A digital transformation is essentially how an organization transforms, based on the way it uses IT. The information used for a digital transformation is generally related to products, services, and service delivery methods.
An IT transformation can also include a revolutionized system for products, services and service delivery methods, but its main function is to transform how the company’s IT operates to supply IT services.
Let’s say the IT department is slacking a bit. Processes are slow; operations take longer than necessary; customers get antsy and frustrated, and systems are stalling. This IT department is likely due for an IT transformation, but maybe not a complete digital transformation of the organization’s entire digital strategy.
An IT transformation can provide significant benefits for a company without a full digital transformation.
The CIO and the Process of IT Transformation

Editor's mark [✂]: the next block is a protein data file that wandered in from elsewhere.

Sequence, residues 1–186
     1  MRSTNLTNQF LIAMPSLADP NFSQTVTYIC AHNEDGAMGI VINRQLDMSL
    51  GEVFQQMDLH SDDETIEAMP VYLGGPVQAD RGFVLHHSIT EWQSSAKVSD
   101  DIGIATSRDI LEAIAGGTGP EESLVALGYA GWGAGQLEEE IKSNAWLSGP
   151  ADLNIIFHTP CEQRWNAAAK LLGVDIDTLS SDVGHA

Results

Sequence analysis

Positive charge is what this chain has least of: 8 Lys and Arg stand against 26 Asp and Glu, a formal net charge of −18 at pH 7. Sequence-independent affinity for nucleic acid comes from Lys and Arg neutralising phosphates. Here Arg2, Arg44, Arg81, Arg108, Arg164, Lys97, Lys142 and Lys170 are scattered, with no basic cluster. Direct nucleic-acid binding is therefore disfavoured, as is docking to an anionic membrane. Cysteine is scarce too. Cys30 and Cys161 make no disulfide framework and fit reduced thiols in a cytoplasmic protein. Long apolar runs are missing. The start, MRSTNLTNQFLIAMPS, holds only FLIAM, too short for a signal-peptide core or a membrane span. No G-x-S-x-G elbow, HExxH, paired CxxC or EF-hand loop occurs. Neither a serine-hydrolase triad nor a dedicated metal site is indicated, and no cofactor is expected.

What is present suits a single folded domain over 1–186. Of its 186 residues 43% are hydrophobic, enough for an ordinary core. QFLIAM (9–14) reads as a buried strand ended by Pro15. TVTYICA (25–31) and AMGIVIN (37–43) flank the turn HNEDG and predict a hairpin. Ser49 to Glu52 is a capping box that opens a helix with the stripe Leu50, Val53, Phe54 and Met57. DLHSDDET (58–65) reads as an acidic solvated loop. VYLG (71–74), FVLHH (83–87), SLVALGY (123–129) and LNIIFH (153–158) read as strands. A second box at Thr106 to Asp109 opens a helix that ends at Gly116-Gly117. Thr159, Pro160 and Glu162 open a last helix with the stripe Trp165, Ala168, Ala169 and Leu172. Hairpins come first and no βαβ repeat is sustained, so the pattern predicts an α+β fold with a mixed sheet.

What duties and responsibilities is the CIO responsible for when a company is undergoing an IT transformation? The better question might be: what isn’t the CIO responsible for during an IT transformation?
“CIO” stands for Chief Information Office, so it should come as no surprise that the CIO is the main driving force behind an IT transformation. The CIO is essentially the IT leader of a company. An executive in this position is responsible for the following pieces during the IT transformation process:
- Establishing the operating models and business models
- Collaborating with team members to determine available IT resources and IT budgets
- Identifying where change is necessary in the IT department
- Supporting business processes
- Determining how digital decisions will benefit or harm the company in the long run
- Anticipating digital disruptions
- Establishing other team members’ roles in executing a successful IT transformation
- Establishing new practices and digital platforms to assist the integration of new technologies
- Continuous IT governance to monitor changing processes
The CIO, along with other business leaders in the IT department, works to modernize and maintain the IT infrastructure of a company. To do so successfully, the CIO must thoroughly plan the transformation. They identify where change is needed in IT technologies and processes. They must consider what the competition is doing in their IT practices, where the market is heading, how consumers’ behaviors are changing, when and where digital disruption may occur, and which technologies are available to improve the customer experience.